Just as a matter of interest, the Cotswold Way was the brainchild of Tony Drake a prominent rambler, who for over thirty years was an influential campaigner for the footpath network of Gloucestershire. The Cotswold Way was launched in 1970 and the beginning of the Way was at the Square. Persons who suggest it should be at St James’s church are completely wrong.

Reg Martin. (He was chairman of the north district Cotswold Wardens from the late 1970s until the early 1990s.) Campden and district historical and archaeological society.

www.chippingcampdenhistory.org.uk

Campden and District music society with a Russian Connection

Chipping Campden Bulletin, Noticeboard by Adam 1 Comment »

The Campden and District Music Society launches its 47th season on Tuesday 9th October 2007 with a concert by the Fitzwilliam string quartet. Lucy Russell, Jonathan Sparey, Alan George and Andrew Skidmore founded the group in 1968 when they were Cambridge undergraduates and became well known through their close association with Dmitry Shostakovich, who entrusted them with the Western premieres of his last three quartets. With a busy concert programme across the world, many recordings and international awards, Campden Music Society is delighted to have them launch their concert series. They will be joined by another well known musician, the principal cellist of the London Symphony Orchestra, Moray Welsh, whom some will have seen at the Campden music festival in May. Moray studied cello under Rostropovich at the Moscow Conservatoire and has enjoyed a long music career of solo performances, recordings and teaching at the Royal Northern College of Music for 18 years.

The concert opens with a short work, “More Fools than Wise” by Jonathan Rathbone who was musical director and arranger for the Swingle Singers for twelve years. It is inspired by the words and music of the seventeenth century composer Orlando Gibbons’s madrigal “The Silver Swan”, which tells how a swan, having been silent all her life, reportedly sings most beautifully just before she dies. The title comes from the last line – “More geese than swans now live, more fools than wise.” – a line particularly important to Rathbone, as it expresses a dilemma in music today. Borodin’s 2nd string quartet in D, written between 1881 and his death in 1887 is one of the most beloved works in the entire quartet literature. Written on a summer holiday and dedicated to his wife, this tuneful work exudes contentment. Some of its glorious melodies were made even more popular over sixty years later as songs in the Broadway musical “Kismet”. The concert ends with the string quintet D.956 in C major of Schubert, written in 1828 with two cellos, just one of many astonishing compositions dating from the composer’s final months. Every moment in this, his last and greatest chamber work, completed only seven weeks before his death, is magnificent in its tragic beauty.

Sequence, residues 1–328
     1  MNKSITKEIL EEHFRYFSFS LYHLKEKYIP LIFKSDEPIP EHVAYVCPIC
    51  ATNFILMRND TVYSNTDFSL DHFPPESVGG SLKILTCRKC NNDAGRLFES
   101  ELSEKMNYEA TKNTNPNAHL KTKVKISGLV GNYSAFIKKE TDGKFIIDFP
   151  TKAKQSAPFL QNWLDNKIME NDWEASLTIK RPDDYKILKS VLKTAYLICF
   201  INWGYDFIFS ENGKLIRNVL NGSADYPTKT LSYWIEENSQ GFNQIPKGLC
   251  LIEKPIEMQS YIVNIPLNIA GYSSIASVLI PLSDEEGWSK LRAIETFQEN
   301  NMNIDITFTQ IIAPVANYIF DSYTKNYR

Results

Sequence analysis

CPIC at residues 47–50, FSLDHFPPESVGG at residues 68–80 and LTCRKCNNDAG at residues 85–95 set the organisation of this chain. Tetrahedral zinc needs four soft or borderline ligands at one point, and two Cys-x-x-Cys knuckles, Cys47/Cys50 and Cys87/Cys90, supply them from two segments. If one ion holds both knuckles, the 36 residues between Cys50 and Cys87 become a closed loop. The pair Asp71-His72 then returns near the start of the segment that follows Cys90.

This not-to-be-missed concert takes place in Chipping Campden School Hall, Cider Mill Lane. Chipping Campden at 8pm on Tuesday 9th October. With an annual membership subscription of £40, members have free access to the season’s five concerts and may introduce a guest. Members also have opportunities to join group visits to ballet, operas and concerts at different venues and bookings for these have now opened. New members (£40 for five concerts, i.e. ONLY £8 PER CONCERT) are warmly welcomed. To ensure that you receive full details of membership, contact Campden Music Society, c/o Treasurer, Saxfeld, Hoo Lane, Chipping Campden, GL55 6AZ or phone 01386 841520.

The Society thanks its commercial sponsors: Cutts of Campden, Cotswold House Hotel, Martin Gotrel, Andrew Greenwood, Robert Welch, Mark Annett Estate Agents and Graphic Print Partnership.

(From the Chipping Campden Bulletin. included with kind permission of Jeremy Green)

Another successful Campden flower festival